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Desilting of a construction pit floor

Project information

Project name

Construction of the remaining Autobahn section on the A66 near Neuhof


Neuhof, Hessen, DE


Hessen Mobil Fulda


Consortium (A66 Neuhof-Bickhardt Bau AG / Hermann Kirchner Hoch- und Ingenieur-Bau GmbH / Hochtief Solutions GmbH)

Construction time

Spring to autumn 2012

Project details

Project description and challenge

A 5 km long section of the A66 Autobahn between the Neuhof-South and Fulda-South interchanges in Germany is scheduled for completion by the year 2015. A large part of this is the construction of a 1.6 km long tunnel through Neuhof using an ‘open box’ construction method. This means that the tunnel segments are constructed in an open excavation which will then be covered after completion.

From a civil engineering point of view, the high ground water level in this area posed a complex problem in the construction of this tunnel.


Back-anchored steel sheet piles form the walls of the excavation area measuring approximately 25 by 80 metres. The ground water in the excavated area rose to 4.00 metres above the base. For structural reasons, the water could only be pumped out after the concrete slab forming the base of the future tunnel had set and was anchored firmly in the soil to prevent uplift. The extensive preparatory measures required for underwater concreting included the removal of about one metre of sludge. A special floating pumping vessel made by Watermaster was used for this purpose. During the course of construction, divers assisted in the task of removing the sludge.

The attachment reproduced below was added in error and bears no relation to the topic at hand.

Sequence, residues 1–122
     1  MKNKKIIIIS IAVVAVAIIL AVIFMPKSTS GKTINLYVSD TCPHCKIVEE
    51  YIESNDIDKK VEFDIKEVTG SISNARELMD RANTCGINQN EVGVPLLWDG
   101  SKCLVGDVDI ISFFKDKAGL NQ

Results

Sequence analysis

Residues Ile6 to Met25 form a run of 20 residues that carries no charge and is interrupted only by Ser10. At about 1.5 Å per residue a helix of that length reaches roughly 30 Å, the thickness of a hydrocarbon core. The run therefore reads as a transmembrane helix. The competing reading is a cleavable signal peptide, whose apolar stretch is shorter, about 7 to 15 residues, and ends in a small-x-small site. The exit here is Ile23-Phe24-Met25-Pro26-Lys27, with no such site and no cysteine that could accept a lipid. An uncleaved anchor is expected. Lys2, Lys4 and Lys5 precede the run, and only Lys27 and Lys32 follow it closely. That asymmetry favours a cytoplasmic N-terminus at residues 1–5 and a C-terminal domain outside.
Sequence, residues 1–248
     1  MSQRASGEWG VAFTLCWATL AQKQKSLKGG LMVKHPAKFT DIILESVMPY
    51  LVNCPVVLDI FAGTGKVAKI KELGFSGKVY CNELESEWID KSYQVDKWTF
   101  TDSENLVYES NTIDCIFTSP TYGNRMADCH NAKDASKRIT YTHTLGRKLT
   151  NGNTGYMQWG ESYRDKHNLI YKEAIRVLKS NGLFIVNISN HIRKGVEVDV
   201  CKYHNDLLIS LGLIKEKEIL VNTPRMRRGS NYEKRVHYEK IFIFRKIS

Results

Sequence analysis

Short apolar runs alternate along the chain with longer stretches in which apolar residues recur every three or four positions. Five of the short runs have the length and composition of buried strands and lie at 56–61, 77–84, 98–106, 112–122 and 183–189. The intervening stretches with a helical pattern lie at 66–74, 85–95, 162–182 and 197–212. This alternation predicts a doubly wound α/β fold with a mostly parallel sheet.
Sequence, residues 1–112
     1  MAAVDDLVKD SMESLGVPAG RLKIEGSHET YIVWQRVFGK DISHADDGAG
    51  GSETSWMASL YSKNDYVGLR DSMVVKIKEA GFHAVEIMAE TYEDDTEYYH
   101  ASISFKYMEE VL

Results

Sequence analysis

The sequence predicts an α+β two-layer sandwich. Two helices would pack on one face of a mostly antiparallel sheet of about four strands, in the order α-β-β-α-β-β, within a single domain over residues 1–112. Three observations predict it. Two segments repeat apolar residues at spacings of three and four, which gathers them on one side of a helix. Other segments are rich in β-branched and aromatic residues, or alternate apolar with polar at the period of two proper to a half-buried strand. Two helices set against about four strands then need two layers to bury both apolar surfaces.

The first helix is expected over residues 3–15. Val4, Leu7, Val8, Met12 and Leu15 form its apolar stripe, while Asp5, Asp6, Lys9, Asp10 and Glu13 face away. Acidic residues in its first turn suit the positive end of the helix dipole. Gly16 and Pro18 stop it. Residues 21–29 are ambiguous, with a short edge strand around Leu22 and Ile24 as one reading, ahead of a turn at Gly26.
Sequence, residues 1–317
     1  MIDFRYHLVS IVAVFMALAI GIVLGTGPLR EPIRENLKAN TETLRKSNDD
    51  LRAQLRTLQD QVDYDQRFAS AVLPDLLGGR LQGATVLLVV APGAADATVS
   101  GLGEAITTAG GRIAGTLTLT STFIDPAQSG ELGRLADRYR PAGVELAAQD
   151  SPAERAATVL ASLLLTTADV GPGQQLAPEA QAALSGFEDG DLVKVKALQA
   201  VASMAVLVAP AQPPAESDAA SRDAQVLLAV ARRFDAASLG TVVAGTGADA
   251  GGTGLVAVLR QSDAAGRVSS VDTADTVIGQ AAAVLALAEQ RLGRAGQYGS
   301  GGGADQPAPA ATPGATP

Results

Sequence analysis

The sludge was pumped from the excavation pit into a dosing and mixing machine adjacent to the site and contained within a 20’ steel container. Here the sludge was automatically mixed with polymers in a controlled process to flocculate the fine sludge particles. The processed sludge was then pumped into the dewatering tubes. These dewatering tubes lay on a special prepared dewatering area. The highly engineered dewatering fabric allowed the water to drain and return to the pit while the solids were retained in the tube. Filling was repeated in several cycles until the tube was finally filled with a solid mass which could be transported away.


The concept of dewatering sludges using geotextile tubes originally came from the field of environmental engineering where sludges from reservoirs, water bodies or sewage treatment plants can be handled in this way.

The A66 Neuhof project, and a similar previous project involving the dewatering of a construction pit in Hamburg-Harburg, demonstrates that this application is also effective in the field of special foundation engineering.